Sentimental nostalgia for the 1990s seems to bypass places such as the Jantar Department Store in Wrzeszcz or the Pasaż Królewski shopping arcade in downtown Gdańsk. Their specific architecture, nowadays readily labelled as grotesque, is permeated with anachronisms: the unfashionable colours of façades and decorations are coupled with the unfashionable words one can see on some of the shop signs. Do teenagers even know what a haberdashery is? Or a prepared food counter? What associations do these names have for 30- or 40-year-olds?
Although Jantar is long past its prime, this and similar marketplaces used to be very popular back in the day. In the vicinity, you had the Sezam Cooperative Department Store, the Manhattan market, the Sukces Shopping Centre and, above all, the Neptun Department Store, locally referred to as the ‘Pedet’, a name coined from its acronym. Jantar was a department store suited to the time and place in which it was established: in 1994, Poland had already succumbed to ‘Wild West’ capitalism, the sequel of Władysław Pasikowski’s cult crime thriller Psy had just hit the cinema screens nationwide, and public television was about to begin broadcasting some of its longest-running entertainment and quiz shows. As Poland was opening its doors and windows onto the world, the war in former Yugoslavia was slowly drawing to a close, the conflict in Chechnya was beginning to erupt, and Aleksandr Lukashenko became the president of Belarus.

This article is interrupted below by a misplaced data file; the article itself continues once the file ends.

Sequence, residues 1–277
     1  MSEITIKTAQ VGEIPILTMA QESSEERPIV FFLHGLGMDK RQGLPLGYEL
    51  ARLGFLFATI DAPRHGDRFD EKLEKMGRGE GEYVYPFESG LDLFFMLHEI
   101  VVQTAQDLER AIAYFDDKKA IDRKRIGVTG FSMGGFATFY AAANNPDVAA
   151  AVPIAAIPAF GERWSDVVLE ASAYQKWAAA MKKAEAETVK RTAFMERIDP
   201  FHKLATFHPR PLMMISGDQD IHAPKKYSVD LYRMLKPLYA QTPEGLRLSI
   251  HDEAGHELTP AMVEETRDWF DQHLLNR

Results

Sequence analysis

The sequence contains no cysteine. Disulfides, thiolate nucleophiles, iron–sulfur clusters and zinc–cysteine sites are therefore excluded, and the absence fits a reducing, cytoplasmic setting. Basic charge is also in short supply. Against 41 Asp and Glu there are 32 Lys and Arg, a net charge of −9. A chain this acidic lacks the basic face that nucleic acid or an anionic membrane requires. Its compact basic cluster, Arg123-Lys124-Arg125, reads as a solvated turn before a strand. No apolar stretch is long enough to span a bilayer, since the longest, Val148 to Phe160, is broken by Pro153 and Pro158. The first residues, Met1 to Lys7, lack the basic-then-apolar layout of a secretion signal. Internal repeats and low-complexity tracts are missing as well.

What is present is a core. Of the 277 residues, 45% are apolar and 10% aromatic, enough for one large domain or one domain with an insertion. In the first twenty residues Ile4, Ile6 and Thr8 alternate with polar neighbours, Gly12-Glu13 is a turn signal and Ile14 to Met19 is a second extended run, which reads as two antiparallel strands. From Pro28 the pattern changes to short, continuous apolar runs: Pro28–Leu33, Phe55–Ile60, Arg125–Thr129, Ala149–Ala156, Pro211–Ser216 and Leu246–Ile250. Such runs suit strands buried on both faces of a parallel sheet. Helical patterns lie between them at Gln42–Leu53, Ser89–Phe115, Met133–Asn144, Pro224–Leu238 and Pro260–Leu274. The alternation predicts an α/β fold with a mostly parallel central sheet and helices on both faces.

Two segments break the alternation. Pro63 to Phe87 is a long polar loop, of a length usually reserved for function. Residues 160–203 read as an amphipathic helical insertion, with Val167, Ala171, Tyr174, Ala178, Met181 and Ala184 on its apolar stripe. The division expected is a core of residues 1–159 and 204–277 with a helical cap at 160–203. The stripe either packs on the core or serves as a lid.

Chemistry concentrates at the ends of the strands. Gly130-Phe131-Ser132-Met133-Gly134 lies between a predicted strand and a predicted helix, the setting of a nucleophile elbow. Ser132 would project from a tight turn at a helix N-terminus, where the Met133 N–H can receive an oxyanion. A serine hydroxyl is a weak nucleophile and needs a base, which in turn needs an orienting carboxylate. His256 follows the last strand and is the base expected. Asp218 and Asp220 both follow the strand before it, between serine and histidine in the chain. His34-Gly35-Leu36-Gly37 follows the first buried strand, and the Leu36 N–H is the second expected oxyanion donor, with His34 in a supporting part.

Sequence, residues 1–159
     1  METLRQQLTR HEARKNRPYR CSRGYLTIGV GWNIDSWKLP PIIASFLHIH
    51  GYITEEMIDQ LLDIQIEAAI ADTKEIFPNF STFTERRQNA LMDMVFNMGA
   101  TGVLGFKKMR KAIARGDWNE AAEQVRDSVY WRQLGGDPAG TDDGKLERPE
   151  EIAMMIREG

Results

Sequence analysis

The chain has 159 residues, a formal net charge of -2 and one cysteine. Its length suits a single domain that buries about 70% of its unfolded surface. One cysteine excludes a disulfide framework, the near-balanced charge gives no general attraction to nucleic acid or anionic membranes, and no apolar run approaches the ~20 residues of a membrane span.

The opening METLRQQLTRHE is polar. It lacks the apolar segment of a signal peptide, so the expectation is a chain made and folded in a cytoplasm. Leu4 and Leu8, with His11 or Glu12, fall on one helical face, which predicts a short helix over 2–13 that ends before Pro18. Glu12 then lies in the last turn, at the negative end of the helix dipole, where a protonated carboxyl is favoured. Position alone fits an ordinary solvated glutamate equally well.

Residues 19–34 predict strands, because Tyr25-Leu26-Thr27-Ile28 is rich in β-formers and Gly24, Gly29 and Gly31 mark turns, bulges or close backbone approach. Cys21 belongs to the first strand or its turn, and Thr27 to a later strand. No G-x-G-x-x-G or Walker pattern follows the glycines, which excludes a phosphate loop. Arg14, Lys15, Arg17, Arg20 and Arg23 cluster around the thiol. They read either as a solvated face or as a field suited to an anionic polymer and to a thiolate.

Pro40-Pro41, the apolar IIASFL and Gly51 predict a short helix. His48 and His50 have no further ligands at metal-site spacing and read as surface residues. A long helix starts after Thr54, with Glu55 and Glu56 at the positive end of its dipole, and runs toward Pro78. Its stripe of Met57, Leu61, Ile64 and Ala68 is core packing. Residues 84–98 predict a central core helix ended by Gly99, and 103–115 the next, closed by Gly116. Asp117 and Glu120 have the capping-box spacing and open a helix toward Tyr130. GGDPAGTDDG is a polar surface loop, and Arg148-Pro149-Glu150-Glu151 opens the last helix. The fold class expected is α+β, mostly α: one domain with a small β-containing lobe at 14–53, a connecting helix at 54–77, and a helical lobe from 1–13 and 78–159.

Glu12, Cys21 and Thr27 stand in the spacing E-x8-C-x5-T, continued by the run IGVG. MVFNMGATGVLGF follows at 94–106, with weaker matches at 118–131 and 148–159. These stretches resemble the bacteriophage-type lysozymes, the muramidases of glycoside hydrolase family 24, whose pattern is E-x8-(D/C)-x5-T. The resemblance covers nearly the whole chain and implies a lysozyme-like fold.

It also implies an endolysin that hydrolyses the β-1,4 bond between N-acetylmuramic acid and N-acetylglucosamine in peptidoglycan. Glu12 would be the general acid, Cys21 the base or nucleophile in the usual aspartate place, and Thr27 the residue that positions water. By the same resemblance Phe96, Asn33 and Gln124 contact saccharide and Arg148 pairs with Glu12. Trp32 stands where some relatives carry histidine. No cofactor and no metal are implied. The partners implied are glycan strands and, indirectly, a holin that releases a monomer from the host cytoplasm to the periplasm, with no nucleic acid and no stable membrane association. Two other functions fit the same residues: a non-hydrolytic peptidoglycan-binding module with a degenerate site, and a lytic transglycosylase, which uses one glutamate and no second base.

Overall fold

Contemporary commercial and service centres bombard their customers with stimuli that are hard to channel, as if wanting their visitors to become lost in time, space and their desires. Is there a gap in this trend that could be filled with, say, bringing smaller, forgotten shopping centres back to life? Since they used to be popular once, could they be restored to their former glory? Or maybe we’ve already become fed up with all this splendour that deprives us of ordinary, pleasant, quiet and accessible places. Places that are simply not overwhelming.
We like spaces we can associate with doing nice things – with time, their appearance, characteristic smells and specific atmosphere begin to instil in us a sense of tenderness. Honorata Martin says she likes everything here – ever since she became one of Jantar’s residents, she keeps noticing details around the city that either allude to or reflect those that may be found in the Wrzeszcz department store. All of them seem beautiful to her. Looking at Jantar’s terrazzo floor, Martin wonders if it could be transformed into a source of admiration for each interior designer. She even found beauty in the purple railings of the stairway leading to the first floor and the glass dome decorated with fake ivy that crowns the roof of the building.
Honorata Martin’s art installation is being created in two rented stalls (no. 9 and 10). To a large extent, it conveys her respect and tenderness to the place where it is showcased – encouraging viewers to focus on the characteristic details of this space, to touch them with their hand or forehead. At the same time, it offers them a safe space devoid of all the stimuli typically found in shopping centres, especially in mid-December.
To what extent does the Christmas frenzy reach Jantar each year? This is something we don’t yet know. As we create the microworld in stalls no. 9 and 10, we observe the peaceful rhythm followed by the place and its small community of shopkeepers renting other stalls, families visiting the local India Bazar, customers of the tailor’s or the Gral computer shop and service centre that has been operating here for years.
It is hard to find balance in modern shopping centres. Jantar Department Store offers us all a peaceful break – does it not deserve to be visited and officially join the list of places that evoke nostalgia for the 1990s?